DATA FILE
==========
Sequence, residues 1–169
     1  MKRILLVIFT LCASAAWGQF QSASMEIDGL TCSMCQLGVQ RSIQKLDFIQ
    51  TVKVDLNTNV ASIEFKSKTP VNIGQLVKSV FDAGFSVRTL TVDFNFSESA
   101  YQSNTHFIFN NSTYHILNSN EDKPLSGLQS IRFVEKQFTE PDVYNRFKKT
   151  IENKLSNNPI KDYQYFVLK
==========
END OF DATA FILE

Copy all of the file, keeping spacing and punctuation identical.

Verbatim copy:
Sequence, residues 1–169
     1  MKRILLVIFT LCASAAWGQF QSASMEIDGL TCSMCQLGVQ RSIQKLDFIQ
    51  TVKVDLNTNV ASIEFKSKTP VNIGQLVKSV FDAGFSVRTL TVDFNFSESA
   101  YQSNTHFIFN NSTYHILNSN EDKPLSGLQS IRFVEKQFTE PDVYNRFKKT
   151  IENKLSNNPI KDYQYFVLK